Wednesday, November 30, 2016

The importance of the PYP Key Concepts

The aim of the PYP curriculum framework is to develop the understanding of significant conceptual ideas.  We want students to go beyond the memorization of isolated facts and to make connections and generalizations to form deeper understandings.

During the PYP curriculum development phase, the developers of the programme concluded that there are clusters of important ideas across all curriculum areas that can be grouped under a set of eight key concepts. These key concepts are considered to be universal across all curriculums, regardless of time or place, within and across all disciplines (Making the PYP Happen 2009).

The slideshow below shows the eight key concepts (form, function, causation, change, connection, perspective, responsibility, reflection) and the driving questions that can be used along with the various topics and bodies of knowledge identified in a curriculum.

Each unit of inquiry your daughter studies will have one overarching conceptual understanding - the central idea of the unit.  This is the deep understanding - or the big idea - we want the students to be be able to demonstrate and articulate by the end of the unit.

In order to guide students through inquiries that will lead to this understanding, teachers plan the units by identifying essential knowledge that students will require in order to be able to develop  the deeper understanding.  Alongside this knowledge, three of the PYP Key Concepts are chosen, which help to focus the inquiries and guide the students towards being able to make a generalization, or understanding a central idea.  The diagram below shows how, starting with a strong factual foundation (or essential knowledge), identifying key concepts can guide students towards making a generalization to show their understanding of a particular topic (what we call the central idea of a unit the PYP). 

This particular example comes from the current Grade 4 Multi-Faith Religion unit of inquiry.  The model on the left here is Lynn Erickson's Structure of Knowledge (2002) and the information on the right shows how, starting with the identification of essential knowledge, inquiries can be planned with the aim of helping students achieve deep, transferrable understanding of the unit.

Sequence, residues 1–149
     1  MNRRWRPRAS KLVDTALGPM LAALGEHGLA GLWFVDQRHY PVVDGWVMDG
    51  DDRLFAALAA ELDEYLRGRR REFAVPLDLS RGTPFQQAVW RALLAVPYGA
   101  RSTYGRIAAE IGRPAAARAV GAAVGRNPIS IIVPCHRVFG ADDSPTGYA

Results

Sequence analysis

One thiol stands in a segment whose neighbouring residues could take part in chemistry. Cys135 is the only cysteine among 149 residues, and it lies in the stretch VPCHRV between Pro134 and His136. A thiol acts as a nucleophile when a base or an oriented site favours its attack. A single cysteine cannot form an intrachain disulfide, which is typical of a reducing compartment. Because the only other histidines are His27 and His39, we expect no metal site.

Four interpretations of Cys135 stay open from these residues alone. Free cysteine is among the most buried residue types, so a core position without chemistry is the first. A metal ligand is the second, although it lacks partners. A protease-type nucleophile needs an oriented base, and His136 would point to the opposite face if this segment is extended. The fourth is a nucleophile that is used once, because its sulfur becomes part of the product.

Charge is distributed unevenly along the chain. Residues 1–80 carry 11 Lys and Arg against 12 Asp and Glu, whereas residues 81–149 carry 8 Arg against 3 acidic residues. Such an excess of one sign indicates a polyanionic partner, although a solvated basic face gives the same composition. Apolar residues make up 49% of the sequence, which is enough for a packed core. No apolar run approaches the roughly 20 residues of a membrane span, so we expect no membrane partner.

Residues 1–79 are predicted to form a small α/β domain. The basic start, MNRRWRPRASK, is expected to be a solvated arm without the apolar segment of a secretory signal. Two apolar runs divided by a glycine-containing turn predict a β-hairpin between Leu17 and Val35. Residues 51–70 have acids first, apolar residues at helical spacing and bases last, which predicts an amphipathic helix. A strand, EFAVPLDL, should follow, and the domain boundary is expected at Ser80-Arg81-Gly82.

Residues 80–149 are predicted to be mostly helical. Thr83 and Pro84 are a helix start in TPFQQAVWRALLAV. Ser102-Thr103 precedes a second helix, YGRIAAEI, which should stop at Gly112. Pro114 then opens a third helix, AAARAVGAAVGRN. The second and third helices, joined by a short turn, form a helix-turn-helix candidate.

By focusing on just three of the PYP's eight concepts, a unit of inquiry becomes more focused, allowing the students to inquire deeper and go beyond memorizing a set of isolated facts. 
The key concepts can also help the students to focus their own inquiries.  Often students will have many questions about a topic/unit that may not be uncovered during class times if they don't fit the chosen key concepts of the curriculum unit, or connect to the central idea.  Giving students the key concepts as a scaffold to help them formulate questions helps them focus on relevant wonderings that will help develop an understanding of the central idea.

Here are some examples of Grade 4 student questions that were generated in preparation for an upcoming visit to a cathedral and synagogue.  The question scaffolds worked together with the key concepts to ensure their inquiries were focused towards developing their understanding of the central idea identified in the diagram, above (People of different faiths believe in sacred places and special people).

The next step for these students will be to sort the questions and prioritise which ones they can answer together in school with the information they have already found, and which ones will become the questions they ask the Priest and Rabbi when they visit the places of worship. 

You can click here to view the details of the units of inquiry each grade level studies throughout the year.  This is our Programme of Inquiry, with each unit detailing the central idea, key concepts, lines of inquiry and PYP subject areas. 

Giving the students opportunities to interact with the these key concepts will enable them to use sound factual foundations, make connections and deepen their understandings of the unit content, depending on the particular 'conceptual lenses' identified in the Programme of Inquiry. 

Thursday, November 17, 2016

Three Way Learning Conferences

Next Wednesday, 23rd November we will be hosting our annual Three Way Learning Conferences in the Elementary School.

In the past we had conferred with parents and not included students in the conversations.  Parents and teachers would meet together to discuss the girls' progress and identify the next steps.  Now students are included in the conversations and are at the centre of the conversation.  They spend time in their homerooms beforehand, selecting work samples that show success, progress, higher-order thinking or creativity.  They reflect on how they have progressed using success criteria and learning outcomes, and they are involved in conversations with their teachers to set ambitious learning goals to work towards.  We hope that this process will give students more insight into their learning and allow them to become actively involved in their assessment and goal-setting.

Michael Absolum (2006) summed up the importance of involving the students in conversations about their learning in his book Clarity in the Classroom: Using Formative Assessment: